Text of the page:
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Efficacy of a Web-Based Psychoeducational Intervention for Young Adults With Fertility-Related Distress Following Cancer (Fex-Can): Randomized Controlled Trial

Micaux, C., Wiklander, M., Eriksson, L. E. ORCID: 0000-0001-5121-5325 , Wettergren, L. & Lampic, C. (2022). Efficacy of a Web-Based Psychoeducational Intervention for Young Adults With Fertility-Related Distress Following Cancer (Fex-Can): Randomized Controlled Trial. JMIR Cancer, 8(1), e33239. doi: 10.2196/33239

Abstract

Background:
Threatened fertility following cancer diagnosis in the reproductive age may severely impact emotional and psychosocial well-being in survivorship. Effective web-based interventions for fertility-related distress have been lacking.

Objective:
This study aims to test whether the Fertility and Sexuality following Cancer (Fex-Can) intervention is superior to standard care in reducing fertility-related distress and related psychosocial outcomes in young adults with cancer.

Methods:
This randomized controlled trial evaluated a 12-week, web-based, automated self-help intervention for fertility-related distress following cancer—Fex-Can Fertility. Individuals were identified via Swedish national quality registries, and those reporting fertility-related distress 1.5 years after diagnosis were invited. A total of 100 women and 24 men (aged 19-40 years) answered self-administered surveys at baseline (T0), directly after the intervention (T1), and 3 months later (T2). The main outcome was fertility-related distress, which was measured by using the 6-dimension Reproductive Concerns After Cancer (RCAC) scale. The secondary outcomes were health-related quality of life (European Organization for Research and Treatment of Cancer Quality of Life Questionnaire), emotional distress (Hospital Anxiety and Depression Scale), fertility-related knowledge, and fertility self-efficacy. In addition, the intervention group (IG) reported self-perceived changes in problems related to fertility after cancer (T1). 2-tailed t tests and linear mixed models, including intention-to-treat and subgroup analyses, were performed to compare the effects of the intervention with those of standard care.

Results:
Although 62% (31/50) of the participants in the IG stated that their concerns about fertility were fewer after the intervention, there were few statistically significant group differences in the main outcome (RCAC) at T1 and T2. Compared with controls, the IG rated lower distress concerning the dimension child’s health at T2 (P=.003; effect size [ES]=0.64). This difference was maintained when adding group and time interactions (intention-to-treat: P=.003; ES=0.58). The IG also had better self-perceived cancer-related fertility knowledge at T1 (P=.05; ES=0.35) and T2 (P=.01; ES=0.42) than the control group. Subgroup analyses based on dose or adherence and baseline RCAC scores did not substantially alter these results. Overall, the use of the web-based program was low.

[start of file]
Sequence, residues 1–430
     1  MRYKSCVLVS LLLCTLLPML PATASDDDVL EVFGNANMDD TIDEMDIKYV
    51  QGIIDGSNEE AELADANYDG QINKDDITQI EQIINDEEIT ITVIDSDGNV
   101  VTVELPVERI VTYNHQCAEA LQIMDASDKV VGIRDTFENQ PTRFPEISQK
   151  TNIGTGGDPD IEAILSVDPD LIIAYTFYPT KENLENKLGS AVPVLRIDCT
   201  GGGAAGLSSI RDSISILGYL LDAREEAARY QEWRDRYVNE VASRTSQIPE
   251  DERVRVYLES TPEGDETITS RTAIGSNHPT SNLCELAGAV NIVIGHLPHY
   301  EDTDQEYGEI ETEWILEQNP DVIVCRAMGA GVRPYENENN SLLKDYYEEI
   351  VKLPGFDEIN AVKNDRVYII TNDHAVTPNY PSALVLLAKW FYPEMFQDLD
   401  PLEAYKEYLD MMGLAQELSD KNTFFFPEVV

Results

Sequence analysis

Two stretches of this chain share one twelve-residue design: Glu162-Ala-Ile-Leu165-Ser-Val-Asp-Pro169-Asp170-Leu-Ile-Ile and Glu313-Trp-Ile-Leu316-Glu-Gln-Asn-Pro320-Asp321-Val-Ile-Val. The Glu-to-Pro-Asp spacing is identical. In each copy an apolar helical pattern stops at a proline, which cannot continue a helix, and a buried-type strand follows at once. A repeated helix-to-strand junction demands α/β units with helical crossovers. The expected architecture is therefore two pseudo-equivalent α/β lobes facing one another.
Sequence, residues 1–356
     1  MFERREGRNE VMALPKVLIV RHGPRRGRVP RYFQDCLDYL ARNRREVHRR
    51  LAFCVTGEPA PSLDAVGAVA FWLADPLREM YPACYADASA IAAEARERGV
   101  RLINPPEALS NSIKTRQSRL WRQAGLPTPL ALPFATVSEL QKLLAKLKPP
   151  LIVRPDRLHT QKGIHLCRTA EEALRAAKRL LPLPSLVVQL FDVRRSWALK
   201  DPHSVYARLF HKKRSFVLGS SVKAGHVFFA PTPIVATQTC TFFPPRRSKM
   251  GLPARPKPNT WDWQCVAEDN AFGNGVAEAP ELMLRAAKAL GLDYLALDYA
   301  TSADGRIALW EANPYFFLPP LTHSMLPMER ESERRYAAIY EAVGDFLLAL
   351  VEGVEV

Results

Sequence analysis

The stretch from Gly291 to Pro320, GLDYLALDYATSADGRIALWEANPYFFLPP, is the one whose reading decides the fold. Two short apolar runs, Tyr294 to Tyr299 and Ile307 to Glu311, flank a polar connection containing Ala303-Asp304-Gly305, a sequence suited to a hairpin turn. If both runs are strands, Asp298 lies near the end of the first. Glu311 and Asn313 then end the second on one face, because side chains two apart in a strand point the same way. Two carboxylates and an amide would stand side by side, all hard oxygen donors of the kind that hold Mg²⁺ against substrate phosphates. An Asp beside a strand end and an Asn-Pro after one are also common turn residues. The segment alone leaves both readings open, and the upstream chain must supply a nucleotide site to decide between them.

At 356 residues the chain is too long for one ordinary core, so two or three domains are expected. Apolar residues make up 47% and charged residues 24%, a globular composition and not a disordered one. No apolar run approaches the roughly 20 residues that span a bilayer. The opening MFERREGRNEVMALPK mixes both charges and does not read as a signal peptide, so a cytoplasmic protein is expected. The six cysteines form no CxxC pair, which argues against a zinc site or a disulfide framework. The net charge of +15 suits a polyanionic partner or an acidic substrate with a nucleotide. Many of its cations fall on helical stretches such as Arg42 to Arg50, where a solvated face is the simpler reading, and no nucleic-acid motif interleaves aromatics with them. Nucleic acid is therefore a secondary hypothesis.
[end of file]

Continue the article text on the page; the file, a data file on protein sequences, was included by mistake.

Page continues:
Conclusions:
The Fex-Can intervention had small to moderate positive effects on cancer-related fertility knowledge and distress related to child’s health. The lack of group differences in other dimensions of fertility distress and related secondary outcomes contrasted with reports on self-perceived improvement after the intervention. The Fex-Can Fertility program may be a useful complement to routine psychosocial support in the clinical care of young women and men with cancer.

Trial Registration:
ISRCTN Registry 36621459; https://www.isrctn.com/ISRCTN36621459

Publication Type: Article
Additional Information: ©Claire Micaux, Maria Wiklander, Lars E Eriksson, Lena Wettergren, Claudia Lampic. Originally published in JMIR Cancer (https://cancer.jmir.org). This is an open-access article distributed under the terms of the Creative Commons Attribution License (https://creativecommons.org/licenses/by/4.0/), which permits unrestricted use, distribution, and reproduction in any medium, provided the original work, first published in JMIR Cancer, is properly cited. The complete bibliographic information, a link to the original publication on https://cancer.jmir.org/, as well as this copyright and license information must be included.
Publisher Keywords: cancer; fertility distress; psychoeducation; randomized controlled trial; web-based
Subjects: L Education > LB Theory and practice of education
R Medicine > RC Internal medicine > RC0254 Neoplasms. Tumors. Oncology (including Cancer)
R Medicine > RT Nursing
Departments: School of Health Sciences > Nursing
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